by Conor O'Shea

This week, it’s the calm before the storm. Players, coaches and supporters took a well earned rest last week and it was also a time for Irish supporters, if not the players, to dream a little.

We will know more later in the week about the ins and outs of this weekend’s match against Scotland. After. There will be the usual speculation of changes on the Irish team, again with most of the talk surround Gordon D’Arcy coming in for Paddy Wallace. Personally, I anticipate that there will be no changes. For Scotland there will be speculation that Mike Blair the Scotland captain and their talisman will lose out to Chris Cusiter but again, I believe Frank Hadden will stick by his man. When push comes to shove the only chance Scotland have of beating Ireland is if Blair, the current captain, produces the sort of performance that everyone knows he is capable of. That would help Scotland to up their tempo to a level that brings the likes of the Evans brothers, Hugo Southwell and Simon Danielli into the game.

Even if the Scots pull out a big one off performance Ireland will have to be well below their best to lose and deny ourselves a tilt at the Grand Slam against Wales. So this week expect the usual platitudes from the Irish camp – and they are right to approach things in this manner - relating to Scotland and our record in Murrayfield. Remember, though, that this is neither the Scotland of old nor the Ireland of old. Ireland’s biggest danger this week is themselves, and with Declan Kidney at the helm my fears over this game are not that severe.

Wales - radical selection policy

Ireland will rightly stick to a similar course to that which they have charted to date. Wales, the other sides with a shout of winning this Championship, have opted for a different strategy with Warren Gatland opting for wholesale changes against Italy.

They will have a new 9, 10, 12 in Dwayne Peel, James Hook and Gavin Henson and seven changes and one positional switch elsewhere in the team. Of course the stated aim all coaches have nowadays is to build a squad and Gatland has said that is part of the thinking behind this selection. Could we accuse Declan Kidney, who has selected the same 15 for the past three games, of not looking forward? Are Ireland in danger of becoming stagnant? Personally, I don’t think so.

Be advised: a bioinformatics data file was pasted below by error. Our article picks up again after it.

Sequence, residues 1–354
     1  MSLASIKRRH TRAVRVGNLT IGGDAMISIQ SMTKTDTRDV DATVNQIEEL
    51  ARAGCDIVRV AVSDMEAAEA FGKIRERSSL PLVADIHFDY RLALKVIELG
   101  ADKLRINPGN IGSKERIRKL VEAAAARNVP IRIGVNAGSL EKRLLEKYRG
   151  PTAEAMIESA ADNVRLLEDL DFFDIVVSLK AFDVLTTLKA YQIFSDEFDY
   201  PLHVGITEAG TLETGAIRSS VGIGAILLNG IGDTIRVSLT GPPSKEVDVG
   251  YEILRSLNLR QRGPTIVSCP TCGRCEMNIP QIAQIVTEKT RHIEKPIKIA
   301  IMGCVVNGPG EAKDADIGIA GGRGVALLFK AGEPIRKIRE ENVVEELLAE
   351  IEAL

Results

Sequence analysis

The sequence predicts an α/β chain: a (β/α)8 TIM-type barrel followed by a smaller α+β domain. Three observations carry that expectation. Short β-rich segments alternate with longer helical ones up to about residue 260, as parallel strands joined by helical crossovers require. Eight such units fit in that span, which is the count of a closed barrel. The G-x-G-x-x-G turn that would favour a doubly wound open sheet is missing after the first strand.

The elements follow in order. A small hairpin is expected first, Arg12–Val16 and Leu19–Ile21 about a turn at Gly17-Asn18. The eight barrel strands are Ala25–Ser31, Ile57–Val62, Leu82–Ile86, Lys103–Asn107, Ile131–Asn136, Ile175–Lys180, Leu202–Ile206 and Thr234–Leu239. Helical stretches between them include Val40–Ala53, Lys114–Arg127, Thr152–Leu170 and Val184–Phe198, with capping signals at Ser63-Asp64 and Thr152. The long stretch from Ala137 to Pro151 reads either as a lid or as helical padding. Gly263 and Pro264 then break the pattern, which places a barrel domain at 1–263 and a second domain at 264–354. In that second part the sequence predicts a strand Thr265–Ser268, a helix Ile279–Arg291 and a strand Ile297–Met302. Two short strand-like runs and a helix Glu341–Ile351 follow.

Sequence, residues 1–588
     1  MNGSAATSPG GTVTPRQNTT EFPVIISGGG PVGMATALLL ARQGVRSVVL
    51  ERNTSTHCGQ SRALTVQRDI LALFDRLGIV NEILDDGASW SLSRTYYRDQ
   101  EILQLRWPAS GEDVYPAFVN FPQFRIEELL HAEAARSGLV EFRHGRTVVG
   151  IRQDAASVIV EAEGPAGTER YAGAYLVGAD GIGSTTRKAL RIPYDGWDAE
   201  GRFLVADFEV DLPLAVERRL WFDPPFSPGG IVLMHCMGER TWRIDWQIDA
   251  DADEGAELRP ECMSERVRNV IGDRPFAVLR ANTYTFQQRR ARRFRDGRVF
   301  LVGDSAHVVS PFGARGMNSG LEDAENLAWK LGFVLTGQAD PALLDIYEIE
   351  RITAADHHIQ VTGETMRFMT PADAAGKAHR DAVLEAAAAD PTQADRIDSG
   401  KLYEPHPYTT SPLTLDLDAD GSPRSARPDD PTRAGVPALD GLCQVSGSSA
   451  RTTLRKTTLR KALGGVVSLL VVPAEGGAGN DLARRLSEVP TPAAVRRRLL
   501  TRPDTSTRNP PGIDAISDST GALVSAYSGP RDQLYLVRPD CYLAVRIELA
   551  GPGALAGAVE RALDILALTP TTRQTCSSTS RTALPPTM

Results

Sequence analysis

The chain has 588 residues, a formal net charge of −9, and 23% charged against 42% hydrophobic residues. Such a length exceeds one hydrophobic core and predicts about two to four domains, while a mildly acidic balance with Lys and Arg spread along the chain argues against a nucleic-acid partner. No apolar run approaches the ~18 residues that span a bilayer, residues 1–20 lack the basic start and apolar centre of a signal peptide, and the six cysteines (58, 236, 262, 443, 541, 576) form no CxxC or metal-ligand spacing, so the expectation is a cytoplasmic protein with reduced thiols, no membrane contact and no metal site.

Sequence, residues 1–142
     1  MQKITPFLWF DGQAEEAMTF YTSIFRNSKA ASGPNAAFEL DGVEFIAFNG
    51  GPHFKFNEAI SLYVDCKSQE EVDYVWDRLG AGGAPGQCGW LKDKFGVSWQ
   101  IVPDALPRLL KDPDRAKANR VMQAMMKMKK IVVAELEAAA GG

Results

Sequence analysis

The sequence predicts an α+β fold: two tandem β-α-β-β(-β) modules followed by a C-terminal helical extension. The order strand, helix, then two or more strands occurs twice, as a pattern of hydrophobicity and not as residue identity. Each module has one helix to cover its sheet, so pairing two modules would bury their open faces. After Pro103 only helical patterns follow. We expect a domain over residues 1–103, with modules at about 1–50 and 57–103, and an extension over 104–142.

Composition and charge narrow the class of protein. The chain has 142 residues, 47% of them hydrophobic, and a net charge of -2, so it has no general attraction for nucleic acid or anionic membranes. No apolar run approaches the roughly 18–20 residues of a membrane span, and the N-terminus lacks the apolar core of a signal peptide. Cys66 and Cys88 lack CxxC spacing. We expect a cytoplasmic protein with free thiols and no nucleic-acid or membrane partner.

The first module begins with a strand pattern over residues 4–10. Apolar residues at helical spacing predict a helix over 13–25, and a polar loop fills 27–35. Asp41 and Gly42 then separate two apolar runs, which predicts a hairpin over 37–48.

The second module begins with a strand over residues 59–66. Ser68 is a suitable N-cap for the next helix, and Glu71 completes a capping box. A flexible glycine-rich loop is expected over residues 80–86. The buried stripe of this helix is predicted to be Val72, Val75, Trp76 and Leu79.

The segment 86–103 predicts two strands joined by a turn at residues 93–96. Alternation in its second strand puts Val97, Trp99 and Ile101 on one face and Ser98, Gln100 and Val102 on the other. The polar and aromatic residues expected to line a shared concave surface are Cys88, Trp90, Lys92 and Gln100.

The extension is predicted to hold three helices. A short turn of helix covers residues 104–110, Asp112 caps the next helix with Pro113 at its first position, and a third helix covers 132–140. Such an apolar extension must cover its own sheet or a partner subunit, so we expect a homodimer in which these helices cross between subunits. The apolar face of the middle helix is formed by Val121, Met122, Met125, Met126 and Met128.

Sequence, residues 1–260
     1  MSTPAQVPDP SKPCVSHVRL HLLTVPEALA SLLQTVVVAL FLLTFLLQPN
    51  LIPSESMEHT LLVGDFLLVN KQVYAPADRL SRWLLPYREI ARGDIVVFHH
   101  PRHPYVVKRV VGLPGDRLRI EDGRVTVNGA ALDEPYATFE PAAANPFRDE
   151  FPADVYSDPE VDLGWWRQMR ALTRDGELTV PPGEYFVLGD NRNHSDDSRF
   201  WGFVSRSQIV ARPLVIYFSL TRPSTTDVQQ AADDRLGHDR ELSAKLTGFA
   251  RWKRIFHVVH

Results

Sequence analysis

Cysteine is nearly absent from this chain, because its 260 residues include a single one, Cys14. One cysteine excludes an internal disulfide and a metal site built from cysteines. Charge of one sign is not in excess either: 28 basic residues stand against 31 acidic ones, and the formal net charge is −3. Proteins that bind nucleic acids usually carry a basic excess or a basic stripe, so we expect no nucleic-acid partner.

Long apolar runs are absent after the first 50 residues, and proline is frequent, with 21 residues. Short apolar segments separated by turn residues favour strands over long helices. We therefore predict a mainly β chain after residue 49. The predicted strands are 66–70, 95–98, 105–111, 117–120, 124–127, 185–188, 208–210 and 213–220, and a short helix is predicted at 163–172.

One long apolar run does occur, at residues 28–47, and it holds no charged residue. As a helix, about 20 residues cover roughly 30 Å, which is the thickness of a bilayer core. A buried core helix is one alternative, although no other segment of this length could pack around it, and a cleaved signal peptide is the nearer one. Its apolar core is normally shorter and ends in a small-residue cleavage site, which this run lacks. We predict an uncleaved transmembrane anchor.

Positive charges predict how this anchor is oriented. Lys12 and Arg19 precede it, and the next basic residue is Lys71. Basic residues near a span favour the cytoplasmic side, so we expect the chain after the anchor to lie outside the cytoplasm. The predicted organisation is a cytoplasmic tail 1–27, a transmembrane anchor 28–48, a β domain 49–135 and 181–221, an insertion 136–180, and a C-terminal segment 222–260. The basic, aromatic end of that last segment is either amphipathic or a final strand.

Gatland and Kidney have two squads at different stages of development. Wales have a wealth of experience in pivotal positions and can make selection calls without impacting as greatly on the team. Ireland, on the other hand, have yet to unearth the replacements for the likes of Ronan O’Gara and John Hayes in a manner that allows for this type of sudden change.

Ireland and Wales: at different stages

In other positions we have young players who need to get the caps and experience under their belt before we can start to rotate them as Wales do. Rob Kearney, Luke Fitzgerald, Tomas O’Leary and Stephen Ferris all have replacements at the ready behind them in the shape of Geordan Murphy, Peter Stringer and Denis Leamy to name but three. They could all come in at the drop of the hat and do a great job and they all know their way around international rugby. However, you can’t mess around too much with the young guys at this stage. We have a bench and a squad we can utilise in the right way but Kidney’s selection mix of youth and experience has been a good blend so far. Gatland can tweak all he likes but watch his selection for the crunch game against Ireland: I suspect it will be back to type. In that game, the way France outmuscled Wales up front may prove the template for taking them on in two weeks time. Keep quick ball away from any team and it is difficult to play, keep it away from Wales and they can’t play at all.

Rugby World Cup Sevens - Rugby's Olympic Future?

Looking outside the Six Nations for a minute, we saw another seminal event over the fallow weekend in the shape of the Rugby World Cup Sevens in Dubai. The tournament was won by a young Wales side and that augurs well for them in the future. The Welsh victory was certainly not the only story of that weekend.

Behind the scenes, the International Rugby Board were selling Rugby 7’s to the IOC for inclusion into the 2016 Olympics and as an event it couldn’t have gone better for the IRB. It is not just that Wales beat Argentina in the final. In the quarter finals we saw Samoa beat England, Kenya beat Fiji, Wales beat New Zealand and Argentina beat South Africa. The big guns people said could not lose were beaten and when you couple that with Ireland’s win against Australia and then Portugal beating Ireland, you couldn’t say this was the elite sweeping all.

The women’s tournament – won by Australia - ran in tandem and the sell out crowds will have been noted. This weekend may well have proved to be the biggest weekend in rugby since the game went professional because entry into the Olympics, albeit in the 7’s format could elevate rugby to the next level in world terms.

Nothing ever stands still in the world of sport or rugby but for the moment 2016 and IOC decisions are a long way off, it is time to get back to living our dream.

I’ll come back to the Scotland game in a couple of days when we see the teams and hopefully will still be as positive then as I feel now. As I keep on saying this week is all in the head because if both Scotland and Ireland play to their best Ireland will win and we will be going to Cardiff to take on Warren Gatland and Wales for the Grand Slam. That is a nice, but dangerous, way to go into the match.

Declan Kidney, the greatest amateur psychologist in the game, has his hardest week yet!